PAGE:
As chairman of Education Trust Fund will you say companies have been cooperating in remitting their contribution to the funds and how has the fund assisted in improving infrastructure in the educational institution particularly in universities?
I was chairman of eTF 1999-2007, at that time the big companies were cooperating, and just before we left, Ifueko omoigui- okauru took over at the inland revenue and taxes improved tremendously for that year. During our time, there were two years when government did not provide capital funding to the universities and the little amount we could provide was all they had. TetFund doesn’t cater for primary and secondary levels, just tertiary. Presently, the taxes have improved tremendously, so the universities are better funded now.
What is your general view on the education system in Nigeria and what issues do you think should be addressed so as to improve it?
I see so many people who have graduated from secondary school and who are not educated. In many states, Primary education is still carried out in the mother language. when do they convert to the english language that is common throughout the country and will help them outside the country? Many teachers who are working now have missed education and are not qualified to teach the younger ones. we have a craze for going into the universities rather than for teaching and technical education. Many leave university without understanding the purpose for which they have graduated. In fact, many graduates pay their way through, especially the girls, through cash or in kind. we should do more to produce quality teachers, we should do more to produce technical skills to build up the country, it appears that what we seriously need is for government to re-examine the education system and design it towards achieving the vision for where nigeria is supposed to be heading.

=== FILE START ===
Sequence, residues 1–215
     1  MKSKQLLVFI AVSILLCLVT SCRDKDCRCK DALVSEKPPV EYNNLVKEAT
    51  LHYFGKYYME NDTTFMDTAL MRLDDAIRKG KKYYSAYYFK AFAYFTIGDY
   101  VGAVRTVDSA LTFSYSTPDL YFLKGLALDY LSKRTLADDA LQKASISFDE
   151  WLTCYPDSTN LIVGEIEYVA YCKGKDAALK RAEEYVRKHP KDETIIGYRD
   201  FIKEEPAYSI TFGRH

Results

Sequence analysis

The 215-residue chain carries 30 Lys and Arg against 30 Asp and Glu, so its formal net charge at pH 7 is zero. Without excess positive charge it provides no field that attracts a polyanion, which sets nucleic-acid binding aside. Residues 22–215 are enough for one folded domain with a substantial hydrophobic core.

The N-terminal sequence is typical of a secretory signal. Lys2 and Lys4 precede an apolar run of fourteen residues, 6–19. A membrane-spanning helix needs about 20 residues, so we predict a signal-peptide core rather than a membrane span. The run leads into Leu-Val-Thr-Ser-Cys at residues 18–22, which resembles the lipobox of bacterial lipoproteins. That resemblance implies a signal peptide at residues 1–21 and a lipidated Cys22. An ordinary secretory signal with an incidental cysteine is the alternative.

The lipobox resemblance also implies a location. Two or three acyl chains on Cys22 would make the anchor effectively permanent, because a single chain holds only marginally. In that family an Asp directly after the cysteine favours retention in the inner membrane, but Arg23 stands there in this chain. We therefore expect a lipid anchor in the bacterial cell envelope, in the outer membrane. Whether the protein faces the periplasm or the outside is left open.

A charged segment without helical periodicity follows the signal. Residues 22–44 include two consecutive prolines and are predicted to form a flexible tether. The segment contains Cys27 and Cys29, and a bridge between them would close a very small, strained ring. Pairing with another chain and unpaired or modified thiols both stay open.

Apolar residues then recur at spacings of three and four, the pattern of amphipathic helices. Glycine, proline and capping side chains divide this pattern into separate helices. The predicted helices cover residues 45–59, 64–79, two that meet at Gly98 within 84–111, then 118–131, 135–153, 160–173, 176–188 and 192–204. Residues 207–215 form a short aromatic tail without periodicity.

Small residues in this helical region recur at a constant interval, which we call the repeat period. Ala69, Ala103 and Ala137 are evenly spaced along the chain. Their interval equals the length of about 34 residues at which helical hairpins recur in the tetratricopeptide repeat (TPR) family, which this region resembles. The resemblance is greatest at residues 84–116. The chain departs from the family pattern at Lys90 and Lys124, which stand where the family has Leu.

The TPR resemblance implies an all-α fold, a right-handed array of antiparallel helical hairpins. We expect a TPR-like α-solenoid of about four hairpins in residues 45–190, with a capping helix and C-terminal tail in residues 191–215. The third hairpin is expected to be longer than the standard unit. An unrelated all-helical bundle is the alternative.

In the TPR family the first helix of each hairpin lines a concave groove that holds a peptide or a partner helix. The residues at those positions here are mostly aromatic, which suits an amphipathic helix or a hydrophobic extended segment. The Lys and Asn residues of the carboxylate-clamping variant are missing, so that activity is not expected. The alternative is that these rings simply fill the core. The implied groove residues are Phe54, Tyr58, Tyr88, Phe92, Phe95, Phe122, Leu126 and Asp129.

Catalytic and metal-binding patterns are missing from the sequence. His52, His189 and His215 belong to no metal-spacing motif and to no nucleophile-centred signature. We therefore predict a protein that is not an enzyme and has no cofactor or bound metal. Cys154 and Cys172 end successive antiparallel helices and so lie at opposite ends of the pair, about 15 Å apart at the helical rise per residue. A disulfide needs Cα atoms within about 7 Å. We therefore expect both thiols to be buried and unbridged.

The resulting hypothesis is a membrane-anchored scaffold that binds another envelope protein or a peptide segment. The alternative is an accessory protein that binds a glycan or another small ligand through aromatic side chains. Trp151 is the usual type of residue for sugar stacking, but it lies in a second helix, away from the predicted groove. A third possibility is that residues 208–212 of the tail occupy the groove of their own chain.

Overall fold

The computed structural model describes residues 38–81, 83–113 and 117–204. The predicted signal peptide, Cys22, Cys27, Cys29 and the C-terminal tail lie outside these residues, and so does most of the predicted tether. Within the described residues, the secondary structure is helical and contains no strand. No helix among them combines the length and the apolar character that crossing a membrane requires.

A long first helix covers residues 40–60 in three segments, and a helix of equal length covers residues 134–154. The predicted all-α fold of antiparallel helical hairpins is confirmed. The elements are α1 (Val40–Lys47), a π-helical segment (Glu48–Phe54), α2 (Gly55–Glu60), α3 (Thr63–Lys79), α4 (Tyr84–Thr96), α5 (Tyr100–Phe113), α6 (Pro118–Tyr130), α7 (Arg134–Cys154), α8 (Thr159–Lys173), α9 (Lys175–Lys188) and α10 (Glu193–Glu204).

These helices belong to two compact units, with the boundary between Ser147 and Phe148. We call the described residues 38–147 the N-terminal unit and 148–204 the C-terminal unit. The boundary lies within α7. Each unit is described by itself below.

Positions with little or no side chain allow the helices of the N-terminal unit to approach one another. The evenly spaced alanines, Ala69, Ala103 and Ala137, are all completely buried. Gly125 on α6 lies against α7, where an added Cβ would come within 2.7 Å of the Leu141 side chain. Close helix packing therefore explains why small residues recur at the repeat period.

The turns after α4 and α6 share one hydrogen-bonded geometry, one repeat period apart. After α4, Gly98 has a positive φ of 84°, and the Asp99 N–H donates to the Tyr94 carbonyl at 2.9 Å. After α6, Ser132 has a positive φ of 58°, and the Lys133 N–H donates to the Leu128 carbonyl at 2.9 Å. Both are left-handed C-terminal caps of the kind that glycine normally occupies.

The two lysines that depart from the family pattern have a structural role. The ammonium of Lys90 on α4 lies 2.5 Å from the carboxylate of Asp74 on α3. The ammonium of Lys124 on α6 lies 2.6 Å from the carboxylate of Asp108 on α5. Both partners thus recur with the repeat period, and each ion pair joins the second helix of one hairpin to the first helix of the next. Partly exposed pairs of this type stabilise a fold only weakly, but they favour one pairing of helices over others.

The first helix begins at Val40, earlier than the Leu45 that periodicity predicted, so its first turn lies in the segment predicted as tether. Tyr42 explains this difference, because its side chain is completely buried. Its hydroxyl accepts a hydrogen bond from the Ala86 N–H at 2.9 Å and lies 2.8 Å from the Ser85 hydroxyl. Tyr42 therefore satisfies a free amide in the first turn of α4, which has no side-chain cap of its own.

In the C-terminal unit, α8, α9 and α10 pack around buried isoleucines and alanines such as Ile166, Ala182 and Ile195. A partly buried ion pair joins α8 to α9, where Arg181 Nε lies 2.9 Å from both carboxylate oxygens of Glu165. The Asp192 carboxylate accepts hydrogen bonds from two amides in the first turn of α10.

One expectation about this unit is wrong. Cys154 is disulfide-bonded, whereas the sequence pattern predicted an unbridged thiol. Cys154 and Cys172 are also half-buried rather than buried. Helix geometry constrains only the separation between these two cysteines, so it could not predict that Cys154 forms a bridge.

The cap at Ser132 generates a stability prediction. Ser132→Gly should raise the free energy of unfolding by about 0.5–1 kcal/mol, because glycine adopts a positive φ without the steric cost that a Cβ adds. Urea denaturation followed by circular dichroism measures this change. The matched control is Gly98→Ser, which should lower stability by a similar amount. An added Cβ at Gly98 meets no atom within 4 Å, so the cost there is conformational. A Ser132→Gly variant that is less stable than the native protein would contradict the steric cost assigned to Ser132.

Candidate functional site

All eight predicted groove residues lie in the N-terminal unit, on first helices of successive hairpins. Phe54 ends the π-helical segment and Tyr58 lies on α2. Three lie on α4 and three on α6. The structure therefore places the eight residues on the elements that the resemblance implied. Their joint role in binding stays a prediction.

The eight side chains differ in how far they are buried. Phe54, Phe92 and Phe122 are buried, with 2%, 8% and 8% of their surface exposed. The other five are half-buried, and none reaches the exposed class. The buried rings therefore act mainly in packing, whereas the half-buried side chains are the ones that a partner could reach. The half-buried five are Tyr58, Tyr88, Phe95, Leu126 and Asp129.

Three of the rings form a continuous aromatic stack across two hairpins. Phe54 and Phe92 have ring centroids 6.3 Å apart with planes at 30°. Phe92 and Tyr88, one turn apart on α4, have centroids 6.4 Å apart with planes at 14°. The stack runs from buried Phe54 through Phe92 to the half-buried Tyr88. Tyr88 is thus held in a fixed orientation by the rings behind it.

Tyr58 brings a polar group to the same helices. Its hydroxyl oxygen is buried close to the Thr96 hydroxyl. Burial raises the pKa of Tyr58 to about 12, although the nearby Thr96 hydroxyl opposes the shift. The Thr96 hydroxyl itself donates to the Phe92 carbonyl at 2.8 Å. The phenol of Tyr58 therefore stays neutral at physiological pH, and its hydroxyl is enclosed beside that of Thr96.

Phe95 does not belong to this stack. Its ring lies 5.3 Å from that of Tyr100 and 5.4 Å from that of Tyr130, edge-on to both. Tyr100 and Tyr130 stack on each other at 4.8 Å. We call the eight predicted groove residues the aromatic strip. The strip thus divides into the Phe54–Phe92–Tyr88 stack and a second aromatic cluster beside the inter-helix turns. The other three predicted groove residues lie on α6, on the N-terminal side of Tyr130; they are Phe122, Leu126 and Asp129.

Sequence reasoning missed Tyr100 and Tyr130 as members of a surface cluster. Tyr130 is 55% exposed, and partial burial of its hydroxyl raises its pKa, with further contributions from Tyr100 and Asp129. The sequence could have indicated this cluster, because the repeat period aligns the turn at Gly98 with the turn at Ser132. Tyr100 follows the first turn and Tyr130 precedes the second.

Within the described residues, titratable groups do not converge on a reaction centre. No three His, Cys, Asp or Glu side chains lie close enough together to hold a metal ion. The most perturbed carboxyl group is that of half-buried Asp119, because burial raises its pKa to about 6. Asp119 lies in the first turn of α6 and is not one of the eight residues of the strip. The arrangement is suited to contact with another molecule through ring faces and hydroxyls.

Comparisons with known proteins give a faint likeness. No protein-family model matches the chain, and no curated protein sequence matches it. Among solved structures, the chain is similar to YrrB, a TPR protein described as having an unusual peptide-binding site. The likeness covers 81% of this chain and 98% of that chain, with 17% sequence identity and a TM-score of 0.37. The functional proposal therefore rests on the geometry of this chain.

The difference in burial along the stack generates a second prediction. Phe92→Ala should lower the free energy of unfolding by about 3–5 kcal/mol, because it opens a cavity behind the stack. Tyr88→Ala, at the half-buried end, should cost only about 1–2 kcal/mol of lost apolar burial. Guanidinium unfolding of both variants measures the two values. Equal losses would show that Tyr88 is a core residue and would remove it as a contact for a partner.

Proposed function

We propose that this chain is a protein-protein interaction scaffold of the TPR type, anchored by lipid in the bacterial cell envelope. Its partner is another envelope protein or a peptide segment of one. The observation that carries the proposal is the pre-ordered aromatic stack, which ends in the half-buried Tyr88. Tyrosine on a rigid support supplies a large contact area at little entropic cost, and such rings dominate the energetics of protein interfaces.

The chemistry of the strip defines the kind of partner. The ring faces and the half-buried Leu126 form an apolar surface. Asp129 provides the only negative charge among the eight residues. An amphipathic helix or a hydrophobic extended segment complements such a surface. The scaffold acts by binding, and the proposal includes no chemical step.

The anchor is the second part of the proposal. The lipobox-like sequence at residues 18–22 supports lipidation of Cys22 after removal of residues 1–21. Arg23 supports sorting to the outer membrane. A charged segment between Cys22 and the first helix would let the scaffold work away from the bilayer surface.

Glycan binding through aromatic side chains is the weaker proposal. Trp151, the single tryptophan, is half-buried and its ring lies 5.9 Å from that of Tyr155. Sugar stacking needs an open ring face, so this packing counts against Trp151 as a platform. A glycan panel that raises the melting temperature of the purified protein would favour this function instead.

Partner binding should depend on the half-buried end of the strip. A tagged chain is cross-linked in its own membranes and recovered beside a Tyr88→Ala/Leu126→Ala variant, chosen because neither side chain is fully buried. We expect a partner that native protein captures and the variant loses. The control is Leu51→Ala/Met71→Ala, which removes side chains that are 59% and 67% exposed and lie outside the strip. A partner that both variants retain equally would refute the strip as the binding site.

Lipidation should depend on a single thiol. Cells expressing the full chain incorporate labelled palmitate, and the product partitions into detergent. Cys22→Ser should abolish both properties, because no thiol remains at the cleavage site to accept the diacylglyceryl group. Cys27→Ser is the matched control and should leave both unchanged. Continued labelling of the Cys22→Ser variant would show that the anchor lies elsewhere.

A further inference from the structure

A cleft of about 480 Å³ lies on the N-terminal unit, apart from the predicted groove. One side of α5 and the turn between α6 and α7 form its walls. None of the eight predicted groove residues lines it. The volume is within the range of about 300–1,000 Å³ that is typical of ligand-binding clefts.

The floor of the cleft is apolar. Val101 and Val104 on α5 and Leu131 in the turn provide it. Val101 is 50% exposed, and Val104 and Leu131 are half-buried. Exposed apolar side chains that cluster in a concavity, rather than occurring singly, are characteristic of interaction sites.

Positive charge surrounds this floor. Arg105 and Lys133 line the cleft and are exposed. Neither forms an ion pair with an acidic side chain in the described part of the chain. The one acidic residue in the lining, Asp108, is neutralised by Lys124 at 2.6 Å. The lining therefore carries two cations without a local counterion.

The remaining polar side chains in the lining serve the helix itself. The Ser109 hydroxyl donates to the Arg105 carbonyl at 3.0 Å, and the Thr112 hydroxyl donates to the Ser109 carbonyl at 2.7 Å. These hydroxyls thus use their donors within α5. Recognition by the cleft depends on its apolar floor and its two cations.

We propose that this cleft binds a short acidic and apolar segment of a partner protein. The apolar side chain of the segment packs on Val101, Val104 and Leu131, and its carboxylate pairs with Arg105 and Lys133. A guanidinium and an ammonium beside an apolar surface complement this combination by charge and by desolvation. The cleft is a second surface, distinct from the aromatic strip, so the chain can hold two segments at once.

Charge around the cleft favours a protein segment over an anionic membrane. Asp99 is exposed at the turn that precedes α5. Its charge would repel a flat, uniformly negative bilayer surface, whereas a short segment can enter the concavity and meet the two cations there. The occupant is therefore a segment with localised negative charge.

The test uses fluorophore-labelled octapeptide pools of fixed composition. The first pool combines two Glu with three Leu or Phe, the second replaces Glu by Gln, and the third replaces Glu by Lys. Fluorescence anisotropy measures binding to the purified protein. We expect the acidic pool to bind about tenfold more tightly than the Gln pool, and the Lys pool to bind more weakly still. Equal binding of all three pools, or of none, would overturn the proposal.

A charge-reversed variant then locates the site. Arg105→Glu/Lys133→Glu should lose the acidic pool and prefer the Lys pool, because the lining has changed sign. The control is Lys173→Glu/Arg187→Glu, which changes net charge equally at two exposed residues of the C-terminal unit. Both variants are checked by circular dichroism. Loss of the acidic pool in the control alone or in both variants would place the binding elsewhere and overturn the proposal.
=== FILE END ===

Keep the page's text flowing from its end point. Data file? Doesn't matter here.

Looking back, would you have done anything differently?
yes. looking back honestly, any one my age would realize that there are some life objectives one would have achieved better, but I am not going into that now.
What advice do you have for women who aspire to take up leadership roles in male dominated fields to excel?
They are male dominated because there are few women there, so my first suggestion would be to get more women into that field. however, there are some professional activities that are not suitable for women. women tend to be multi-tasked as nature intended them to be. If they are married, they have to attend to their husbands and if they have children, care for them and that is a full time task. sometimes women feel it is the system that doesn’t allow them to achieve the same level as men, but it is actually the various distractions they are involved in. whereas men can be pigeon eyed focused on their work.